I thought about it. The next day, I tried to ski with my lad. Now, as you know, Boomka, for Fatties like us there is a very fine line between what others call "skiing" and you and I might call "Trying to get the f--k off the mountain!" I came down, feeling old, fat, and slow.

What to do?

Of course, the obvious. I did what you and I have always done whenever feeling a tad low and slow. I had a huge meal that night, and got pissed as a newt! That's the way we roll, am I right, Boomka?

Still, why not try stopping grog altogether? I gave it a go. Starting the next day. Didn't have a single sip of anything alcoholic. Strangely, I didn't miss it a bit. Went to several lunches, and one dinner that week, and again, oddly, I just felt virtuous, as those around me started slurring their words in, let's face it, a most pathetic fashion. (Please tell me I didn't used to do that, did I? I did? Well,sorry.)

By the next Saturday night, it was my eldest lad's 21st and after a stone-cold sober speech, I lifted the glass, filled with champagne.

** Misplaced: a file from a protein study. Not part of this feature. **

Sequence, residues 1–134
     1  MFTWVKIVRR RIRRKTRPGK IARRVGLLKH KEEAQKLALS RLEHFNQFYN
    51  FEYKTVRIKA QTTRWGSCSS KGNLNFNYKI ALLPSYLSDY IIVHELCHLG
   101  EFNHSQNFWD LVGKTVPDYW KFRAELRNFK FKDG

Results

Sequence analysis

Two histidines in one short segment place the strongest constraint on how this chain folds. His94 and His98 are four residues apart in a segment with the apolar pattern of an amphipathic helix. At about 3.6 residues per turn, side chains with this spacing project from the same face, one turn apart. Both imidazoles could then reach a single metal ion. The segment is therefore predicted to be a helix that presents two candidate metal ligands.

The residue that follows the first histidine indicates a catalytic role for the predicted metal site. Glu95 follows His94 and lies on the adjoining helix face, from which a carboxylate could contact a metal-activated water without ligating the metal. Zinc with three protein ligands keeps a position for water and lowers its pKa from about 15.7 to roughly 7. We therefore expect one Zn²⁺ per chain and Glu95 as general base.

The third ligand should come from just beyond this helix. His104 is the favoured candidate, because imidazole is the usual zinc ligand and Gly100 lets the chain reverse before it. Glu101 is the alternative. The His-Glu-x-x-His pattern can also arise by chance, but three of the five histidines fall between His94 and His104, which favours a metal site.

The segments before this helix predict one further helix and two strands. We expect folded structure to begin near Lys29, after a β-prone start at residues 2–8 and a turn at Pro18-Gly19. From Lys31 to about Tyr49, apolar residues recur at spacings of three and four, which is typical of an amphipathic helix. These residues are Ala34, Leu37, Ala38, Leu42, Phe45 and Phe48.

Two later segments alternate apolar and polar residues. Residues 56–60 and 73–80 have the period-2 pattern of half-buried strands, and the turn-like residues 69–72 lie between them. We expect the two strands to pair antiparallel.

"Here's to Jake," I cried cheerily, as the song-throng all joined me in the toast.

But this was the moment, and I somehow knew it. (And you know it, Boomka. Because you and I are cut from the same cloth.) If I had just one sip, it would have been ridiculous not to have two sips.

And if you can have two sips, why not four? Why not the whole glass? Of course it wouldn't hurt to have two glasses, because if one glass of grog is nice, two glasses are great, a whole bottle is fabulous, and with two bottles in me, I always had the time of my life.

At least I think I did, if only I could remember it.

But it all goes by in a bit of a blur, doesn't it mate?

I resisted. Didn't even have a sip. Haven't had a sip of grog since. And I won't, until the night Australia grows up and becomes a Republic, but that's another story.

The upsides of stopping grog completely? Let me count the ways!

1. The weight just falls off you. Each bottle of wine – and this is a revelation I have encouraged Gillespie to include in forthcoming editions – has the same calories as a Big Mac!

This, oddly, was a revelation to me. How many times have I had a three-course lunch at Machiavelli's, washed down by a couple of Big Macs, and then wondered why I had turned into a Fatty Boomka?